Compose your HTML using an auto-escaping template language that, by default, escapes untrusted inputs for you.
For example, Django templates escape HTML special characters:
Clearly, user-submitted data shouldn't be trusted blindly and inserted directly into your Web pages, because a malicious user could use this kind of hole to do potentially bad things. This type of security exploit is called a Cross Site Scripting (XSS) attack.
To avoid this problem, you have two options:
- You can make sure to run each untrusted variable through the escape filter, which converts potentially harmful HTML characters to unharmful ones. This was the default solution in Django for its first few years, but the problem is that it puts the onus on you, the developer / template author, to ensure you're escaping everything. It's easy to forget to escape data.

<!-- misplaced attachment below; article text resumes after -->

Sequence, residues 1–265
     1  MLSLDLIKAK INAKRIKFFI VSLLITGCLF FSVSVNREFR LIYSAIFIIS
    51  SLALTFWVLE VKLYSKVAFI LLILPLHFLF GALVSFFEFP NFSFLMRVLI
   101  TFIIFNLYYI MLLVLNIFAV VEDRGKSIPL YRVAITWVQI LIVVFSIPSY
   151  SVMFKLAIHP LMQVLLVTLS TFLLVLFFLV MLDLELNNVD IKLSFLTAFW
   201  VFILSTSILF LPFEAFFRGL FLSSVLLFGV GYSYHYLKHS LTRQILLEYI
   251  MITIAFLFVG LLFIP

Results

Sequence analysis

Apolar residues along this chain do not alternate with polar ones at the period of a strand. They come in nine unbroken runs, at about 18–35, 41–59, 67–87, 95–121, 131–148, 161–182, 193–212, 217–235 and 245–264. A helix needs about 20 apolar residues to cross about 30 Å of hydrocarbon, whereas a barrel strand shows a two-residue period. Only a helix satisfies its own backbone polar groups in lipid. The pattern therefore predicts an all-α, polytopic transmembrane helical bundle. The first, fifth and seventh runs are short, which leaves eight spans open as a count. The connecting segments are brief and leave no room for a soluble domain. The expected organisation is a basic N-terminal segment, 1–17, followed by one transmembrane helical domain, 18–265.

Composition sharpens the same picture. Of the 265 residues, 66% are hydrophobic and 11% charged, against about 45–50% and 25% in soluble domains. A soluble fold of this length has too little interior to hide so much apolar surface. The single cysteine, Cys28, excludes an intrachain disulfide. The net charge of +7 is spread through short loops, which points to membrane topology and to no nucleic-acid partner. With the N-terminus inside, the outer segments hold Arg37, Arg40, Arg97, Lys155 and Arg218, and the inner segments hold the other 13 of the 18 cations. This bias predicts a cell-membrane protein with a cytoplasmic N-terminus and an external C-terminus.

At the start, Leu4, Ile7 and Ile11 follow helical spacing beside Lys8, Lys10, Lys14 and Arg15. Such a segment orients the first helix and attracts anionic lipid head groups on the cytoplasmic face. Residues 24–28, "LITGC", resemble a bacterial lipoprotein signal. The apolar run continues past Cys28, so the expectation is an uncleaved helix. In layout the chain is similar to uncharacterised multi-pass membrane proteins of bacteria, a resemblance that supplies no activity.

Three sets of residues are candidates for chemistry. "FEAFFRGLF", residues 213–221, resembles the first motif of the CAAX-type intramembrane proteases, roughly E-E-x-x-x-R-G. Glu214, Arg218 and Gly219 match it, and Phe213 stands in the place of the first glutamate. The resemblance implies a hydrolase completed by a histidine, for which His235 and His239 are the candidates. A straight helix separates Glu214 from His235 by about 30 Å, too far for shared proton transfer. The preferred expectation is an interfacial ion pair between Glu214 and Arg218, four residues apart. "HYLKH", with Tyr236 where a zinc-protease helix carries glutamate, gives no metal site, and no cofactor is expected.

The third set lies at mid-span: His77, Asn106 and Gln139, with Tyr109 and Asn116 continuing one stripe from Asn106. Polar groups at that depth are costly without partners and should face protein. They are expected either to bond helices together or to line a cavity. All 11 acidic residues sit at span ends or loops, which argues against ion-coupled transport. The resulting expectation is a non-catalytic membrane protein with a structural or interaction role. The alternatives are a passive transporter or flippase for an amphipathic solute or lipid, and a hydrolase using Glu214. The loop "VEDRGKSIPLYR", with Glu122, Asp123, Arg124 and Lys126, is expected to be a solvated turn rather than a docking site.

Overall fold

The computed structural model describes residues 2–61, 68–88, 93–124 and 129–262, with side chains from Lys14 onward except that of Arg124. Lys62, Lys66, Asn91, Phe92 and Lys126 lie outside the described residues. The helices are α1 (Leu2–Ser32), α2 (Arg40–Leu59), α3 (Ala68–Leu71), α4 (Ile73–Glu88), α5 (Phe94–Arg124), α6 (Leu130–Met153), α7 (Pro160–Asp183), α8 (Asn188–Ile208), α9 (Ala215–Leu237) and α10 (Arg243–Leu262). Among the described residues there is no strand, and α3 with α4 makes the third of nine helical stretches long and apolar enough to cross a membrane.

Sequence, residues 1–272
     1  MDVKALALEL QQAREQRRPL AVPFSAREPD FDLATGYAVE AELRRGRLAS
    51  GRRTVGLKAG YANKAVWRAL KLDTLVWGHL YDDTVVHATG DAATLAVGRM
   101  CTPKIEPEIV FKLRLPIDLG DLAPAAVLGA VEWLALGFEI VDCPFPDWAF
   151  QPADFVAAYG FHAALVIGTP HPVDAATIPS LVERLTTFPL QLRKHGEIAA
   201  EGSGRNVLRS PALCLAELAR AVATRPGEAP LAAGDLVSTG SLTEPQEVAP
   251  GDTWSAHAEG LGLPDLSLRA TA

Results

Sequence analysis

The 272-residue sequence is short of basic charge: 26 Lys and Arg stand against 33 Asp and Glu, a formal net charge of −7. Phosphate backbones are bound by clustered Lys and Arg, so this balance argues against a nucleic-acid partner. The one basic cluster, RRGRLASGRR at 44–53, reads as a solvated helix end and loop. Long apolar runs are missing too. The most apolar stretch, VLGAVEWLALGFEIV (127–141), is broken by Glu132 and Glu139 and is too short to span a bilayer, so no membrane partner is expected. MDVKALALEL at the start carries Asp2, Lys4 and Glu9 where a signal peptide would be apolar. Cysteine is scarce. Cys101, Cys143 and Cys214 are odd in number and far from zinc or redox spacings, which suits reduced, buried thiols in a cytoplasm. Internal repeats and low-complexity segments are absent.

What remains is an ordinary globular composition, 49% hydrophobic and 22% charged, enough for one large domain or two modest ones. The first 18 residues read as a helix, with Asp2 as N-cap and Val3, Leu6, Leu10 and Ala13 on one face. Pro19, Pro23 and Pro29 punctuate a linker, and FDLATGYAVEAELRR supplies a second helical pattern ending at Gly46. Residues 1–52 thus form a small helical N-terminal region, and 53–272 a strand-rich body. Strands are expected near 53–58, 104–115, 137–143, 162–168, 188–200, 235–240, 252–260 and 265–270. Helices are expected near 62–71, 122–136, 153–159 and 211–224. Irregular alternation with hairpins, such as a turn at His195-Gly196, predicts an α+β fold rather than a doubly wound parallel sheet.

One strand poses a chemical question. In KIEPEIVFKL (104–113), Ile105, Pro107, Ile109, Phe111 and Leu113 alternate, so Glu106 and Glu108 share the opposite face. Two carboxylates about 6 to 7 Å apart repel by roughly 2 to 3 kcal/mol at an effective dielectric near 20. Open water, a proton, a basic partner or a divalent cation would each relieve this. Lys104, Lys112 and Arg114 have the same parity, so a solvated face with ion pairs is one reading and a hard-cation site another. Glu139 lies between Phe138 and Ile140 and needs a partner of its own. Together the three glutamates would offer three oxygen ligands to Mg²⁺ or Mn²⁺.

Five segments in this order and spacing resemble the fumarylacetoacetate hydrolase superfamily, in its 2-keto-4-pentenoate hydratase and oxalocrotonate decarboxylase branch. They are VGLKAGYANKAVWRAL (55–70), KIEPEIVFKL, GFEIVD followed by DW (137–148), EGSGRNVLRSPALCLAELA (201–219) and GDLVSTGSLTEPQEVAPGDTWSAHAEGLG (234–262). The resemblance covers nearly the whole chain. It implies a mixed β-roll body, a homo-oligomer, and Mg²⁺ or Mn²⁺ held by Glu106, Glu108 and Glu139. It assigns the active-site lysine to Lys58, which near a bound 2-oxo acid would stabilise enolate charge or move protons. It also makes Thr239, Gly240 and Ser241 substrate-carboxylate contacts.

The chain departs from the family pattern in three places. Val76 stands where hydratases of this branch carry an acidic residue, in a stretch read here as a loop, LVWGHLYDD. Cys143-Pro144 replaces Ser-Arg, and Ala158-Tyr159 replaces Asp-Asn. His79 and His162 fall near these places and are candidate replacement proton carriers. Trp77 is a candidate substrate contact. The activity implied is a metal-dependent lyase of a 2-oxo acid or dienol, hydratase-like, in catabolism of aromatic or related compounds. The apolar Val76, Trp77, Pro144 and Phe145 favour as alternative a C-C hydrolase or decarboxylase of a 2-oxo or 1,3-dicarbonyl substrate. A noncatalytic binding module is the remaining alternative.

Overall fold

- You can take advantage of Django's automatic HTML escaping. The remainder of this section describes how auto-escaping works.
By default in Django, every template automatically escapes the output of every variable tag.
Closure templates says:
Contextual autoescaping works by augmenting Closure Templates to properly encode each dynamic value based on the context in which it appears, thus defending against XSS vulnerabilities in values that are controlled by an attacker.
Go's template language uses contextual autoescaping: